Article • Preventing clinical errors

Supporting transgender health in the clinical laboratory

Clinical laboratories need to be proactive to attract transgender patients for testing and to ensure that they are comfortable with the services provided. This issue is of great importance to the American Association for Clinical Chemistry (AACC), which conducted a scientific session on transgender health at its recent annual meeting in Chicago.

Report: Cynthia E Keen

Image source: Unsplash/Jordan McDonald

Jeffrey A. SoRelle, MD, of the Department of Genomics and Molecular Pathology at the University of Texas Southwestern Medical Center in Dallas, discussed the challenges labs have in caring for transgender patients. Electronic health records (EHR), auto-reject rules, mismatches in names versus chromosomes, and tumour data that do not match sex, are key issues that need to be dealt with to prevent potential clinical errors and confusion in a patient’s electronic medical record (EMR).

Expand EMR info to reflect patient diversity

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Jeffrey A. SoRelle, MD

Protocols to acquire additional fields in the demographics section of a patient’s EMR should be implemented by all healthcare organizations, even though these may not be legally required by governmental agencies. The World Professional Association for Transgender Health recommends that data include entries for assigned sex at birth, gender identity, legal and preferred names, and pronoun preference. EMR data needs to interface with other systems comprising an EHR, such as laboratory (LIS) and radiology information systems (RIS). ‘An ideal patient EMR has a gender identity section that includes a patient’s gender preference, sex assigned at birth, and legal name, if different from their preferred name, which may be necessary for health insurance processing,’ explained SoRelle. ‘Gender identification data is important not only for pathology, but to prevent confusion and delays,’ he said. ‘Electronic processes such as billing, filling prescriptions, and printing lab labels can be driven on the back end by legal sex and legal name fields.’ 

However, legal names and natal sex should only be used for billing purposes, he cautioned. ‘And it is very important to explain to transgender patients the very valid clinical reasons for incorporating this information. This conversation can be done by a nurse or phlebotomist and scheduled as part of the lab appointment. It is very important that patients feel comfortable about adhering to the recommended requirements for lab tests. Alternatively, since two patient identifiers are required to draw blood, alternative identifiers such as date of birth, medical record number, or address could be used.’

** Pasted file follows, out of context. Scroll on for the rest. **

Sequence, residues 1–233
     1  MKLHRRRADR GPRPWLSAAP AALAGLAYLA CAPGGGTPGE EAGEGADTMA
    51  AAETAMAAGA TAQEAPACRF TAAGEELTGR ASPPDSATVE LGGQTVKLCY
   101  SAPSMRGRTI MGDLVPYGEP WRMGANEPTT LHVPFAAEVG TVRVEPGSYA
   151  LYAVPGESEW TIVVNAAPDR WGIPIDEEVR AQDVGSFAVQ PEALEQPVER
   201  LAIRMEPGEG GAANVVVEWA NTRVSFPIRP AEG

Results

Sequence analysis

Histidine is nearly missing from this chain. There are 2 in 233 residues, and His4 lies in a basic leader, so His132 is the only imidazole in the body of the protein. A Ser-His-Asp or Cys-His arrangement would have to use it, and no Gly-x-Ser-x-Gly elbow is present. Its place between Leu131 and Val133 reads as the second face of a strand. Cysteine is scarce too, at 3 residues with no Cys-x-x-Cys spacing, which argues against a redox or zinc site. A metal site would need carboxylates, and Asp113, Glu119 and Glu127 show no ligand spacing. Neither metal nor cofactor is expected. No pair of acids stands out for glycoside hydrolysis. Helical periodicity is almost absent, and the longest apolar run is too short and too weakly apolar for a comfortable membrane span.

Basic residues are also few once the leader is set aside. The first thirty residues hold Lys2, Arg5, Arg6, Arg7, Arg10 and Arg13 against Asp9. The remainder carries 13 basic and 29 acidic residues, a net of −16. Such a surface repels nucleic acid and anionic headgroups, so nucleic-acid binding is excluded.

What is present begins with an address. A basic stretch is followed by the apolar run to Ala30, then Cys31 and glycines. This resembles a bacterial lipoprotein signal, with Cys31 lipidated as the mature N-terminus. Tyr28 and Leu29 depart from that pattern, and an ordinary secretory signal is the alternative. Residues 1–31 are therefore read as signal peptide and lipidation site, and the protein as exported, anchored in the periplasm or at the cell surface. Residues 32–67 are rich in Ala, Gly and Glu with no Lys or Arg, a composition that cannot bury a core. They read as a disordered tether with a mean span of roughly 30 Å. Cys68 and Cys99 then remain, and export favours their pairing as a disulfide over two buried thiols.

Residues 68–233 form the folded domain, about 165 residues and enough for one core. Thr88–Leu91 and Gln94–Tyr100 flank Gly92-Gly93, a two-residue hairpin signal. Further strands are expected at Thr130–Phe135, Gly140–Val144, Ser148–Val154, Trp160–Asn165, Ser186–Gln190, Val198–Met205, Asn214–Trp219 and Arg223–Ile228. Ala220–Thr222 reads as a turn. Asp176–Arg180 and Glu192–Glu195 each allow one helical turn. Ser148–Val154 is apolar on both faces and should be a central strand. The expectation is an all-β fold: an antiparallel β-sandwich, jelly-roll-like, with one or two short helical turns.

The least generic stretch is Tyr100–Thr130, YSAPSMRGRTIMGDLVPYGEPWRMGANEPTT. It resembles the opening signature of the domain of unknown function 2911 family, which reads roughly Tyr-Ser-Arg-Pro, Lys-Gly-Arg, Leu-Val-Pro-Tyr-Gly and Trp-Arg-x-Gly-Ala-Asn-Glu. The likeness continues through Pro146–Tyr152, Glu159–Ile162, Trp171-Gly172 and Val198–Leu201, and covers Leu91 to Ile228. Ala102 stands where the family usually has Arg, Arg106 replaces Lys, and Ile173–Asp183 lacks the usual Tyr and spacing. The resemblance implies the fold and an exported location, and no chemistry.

It is essential for transgender patients prescribed gender-affirming therapies, specifically exogenous hormones like testosterone and estrogen and androgen blockers, to have regular clinical monitoring and laboratory testing to assess bodily change and possible adverse effects of medication. Laboratory monitoring should be based on known risks of hormone therapy, the specific hormone regimen, and a patient’s individual co-morbidities and risk factors. Transgender patients, out of a lack of trust of the medical system, may skip scheduled lab tests, and risk developing cardiovascular disease, venous thromboembolism, cancers, prolactinoma, and osteoporosis, as well as other health risks. 

Improper sex flagging can lead to rejection of vital tests

Be aware that if a transgender woman has had her sex and name changed, an order for a prostate biopsy or a molecular test of a prostate biopsy may be auto-rejected. And any transgender person with a cervix needs annual screening for HPV

Jeffrey A. SoRelle

As an example: spironolactone is the most commonly prescribed anti-androgen for transgender women. Lab tests 90 days after the start of this therapy are critically important to identify patients with limited renal function who are at risk for electrolyte imbalance such as hyperkalaemia, the accumulation of a dangerous level of potassium which can cause irregular heartbeats, fainting, cardiac arrest, or death. ‘Lab staff can also remind transgender patients of screening exams they don’t think they need, such as having mammograms for breast cancer screening, which can be caused by years of feminine hormone therapy,’ said SoRelle. ‘Prostate cancer screening is also essential. To date, ten cases of prostate cancer have been reported in transgender women. But be aware that if a transgender woman has had her sex and name changed, an order for a prostate biopsy or a molecular test of a prostate biopsy may be auto-rejected. And any transgender person with a cervix needs annual screening for HPV.’ 

SoRelle offered this additional advice: Do not cancel lab tests based on assumed sex specificity but do ensure proper flagging of tumour and pregnancy-related markers are implemented without sex specificity. Recognize that reference intervals for transgender patients have not been established. Use your clinical judgement and hormone status to assess abnormal laboratory values. 


Profile: 

Jeffrey A. SoRelle, MD, is an Assistant Instructor of Pathology in the Department of Genomics and Molecular Pathology at the University of Texas Southwestern Medical Center in Dallas. He is director of the SoRelle Lab, which studies the mechanisms of allergy at a genetic level, to discover and translate the lab’s findings into diagnostic and therapeutic solutions for patients with allergy. 

18.08.2022

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